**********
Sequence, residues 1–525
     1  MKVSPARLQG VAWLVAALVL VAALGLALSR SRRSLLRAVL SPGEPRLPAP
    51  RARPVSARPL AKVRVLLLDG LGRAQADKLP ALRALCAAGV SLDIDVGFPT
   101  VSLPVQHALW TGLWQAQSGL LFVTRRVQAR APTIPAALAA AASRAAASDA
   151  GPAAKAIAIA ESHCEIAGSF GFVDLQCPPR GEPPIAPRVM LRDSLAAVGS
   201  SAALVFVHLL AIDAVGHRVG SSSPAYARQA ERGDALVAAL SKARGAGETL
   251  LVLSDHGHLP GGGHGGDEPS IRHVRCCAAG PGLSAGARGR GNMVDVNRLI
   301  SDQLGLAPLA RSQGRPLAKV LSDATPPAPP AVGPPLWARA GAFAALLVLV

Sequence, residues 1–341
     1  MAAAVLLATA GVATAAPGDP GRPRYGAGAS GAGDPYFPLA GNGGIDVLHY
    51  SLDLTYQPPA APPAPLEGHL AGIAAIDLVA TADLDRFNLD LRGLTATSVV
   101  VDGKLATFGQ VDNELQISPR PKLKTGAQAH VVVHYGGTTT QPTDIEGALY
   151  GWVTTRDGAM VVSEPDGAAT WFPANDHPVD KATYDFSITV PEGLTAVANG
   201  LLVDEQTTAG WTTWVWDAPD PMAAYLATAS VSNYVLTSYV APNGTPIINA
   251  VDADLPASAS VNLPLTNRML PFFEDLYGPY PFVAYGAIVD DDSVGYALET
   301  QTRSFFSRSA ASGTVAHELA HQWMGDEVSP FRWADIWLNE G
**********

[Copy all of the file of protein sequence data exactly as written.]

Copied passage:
Sequence, residues 1–525
     1  MKVSPARLQG VAWLVAALVL VAALGLALSR SRRSLLRAVL SPGEPRLPAP
    51  RARPVSARPL AKVRVLLLDG LGRAQADKLP ALRALCAAGV SLDIDVGFPT
   101  VSLPVQHALW TGLWQAQSGL LFVTRRVQAR APTIPAALAA AASRAAASDA
   151  GPAAKAIAIA ESHCEIAGSF GFVDLQCPPR GEPPIAPRVM LRDSLAAVGS
   201  SAALVFVHLL AIDAVGHRVG SSSPAYARQA ERGDALVAAL SKARGAGETL
   251  LVLSDHGHLP GGGHGGDEPS IRHVRCCAAG PGLSAGARGR GNMVDVNRLI
   301  SDQLGLAPLA RSQGRPLAKV LSDATPPAPP AVGPPLWARA GAFAALLVLV

Sequence, residues 1–341
     1  MAAAVLLATA GVATAAPGDP GRPRYGAGAS GAGDPYFPLA GNGGIDVLHY
    51  SLDLTYQPPA APPAPLEGHL AGIAAIDLVA TADLDRFNLD LRGLTATSVV
   101  VDGKLATFGQ VDNELQISPR PKLKTGAQAH VVVHYGGTTT QPTDIEGALY
   151  GWVTTRDGAM VVSEPDGAAT WFPANDHPVD KATYDFSITV PEGLTAVANG
   201  LLVDEQTTAG WTTWVWDAPD PMAAYLATAS VSNYVLTSYV APNGTPIINA
   251  VDADLPASAS VNLPLTNRML PFFEDLYGPY PFVAYGAIVD DDSVGYALET
   301  QTRSFFSRSA ASGTVAHELA HQWMGDEVSP FRWADIWLNE G